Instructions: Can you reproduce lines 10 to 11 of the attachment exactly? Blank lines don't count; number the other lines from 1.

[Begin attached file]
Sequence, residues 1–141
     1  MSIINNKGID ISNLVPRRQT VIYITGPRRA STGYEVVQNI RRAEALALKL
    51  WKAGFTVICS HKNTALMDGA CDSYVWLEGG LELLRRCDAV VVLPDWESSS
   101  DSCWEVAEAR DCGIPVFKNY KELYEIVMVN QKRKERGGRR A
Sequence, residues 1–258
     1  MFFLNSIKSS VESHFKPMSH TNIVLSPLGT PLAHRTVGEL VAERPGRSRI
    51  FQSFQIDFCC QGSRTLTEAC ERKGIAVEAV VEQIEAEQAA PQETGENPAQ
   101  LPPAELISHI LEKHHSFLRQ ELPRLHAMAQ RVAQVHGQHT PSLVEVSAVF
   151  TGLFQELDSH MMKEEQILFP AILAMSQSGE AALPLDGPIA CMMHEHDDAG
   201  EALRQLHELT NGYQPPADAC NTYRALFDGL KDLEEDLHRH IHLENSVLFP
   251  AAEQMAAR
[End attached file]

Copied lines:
   201  EALRQLHELT NGYQPPADAC NTYRALFDGL KDLEEDLHRH IHLENSVLFP
   251  AAEQMAAR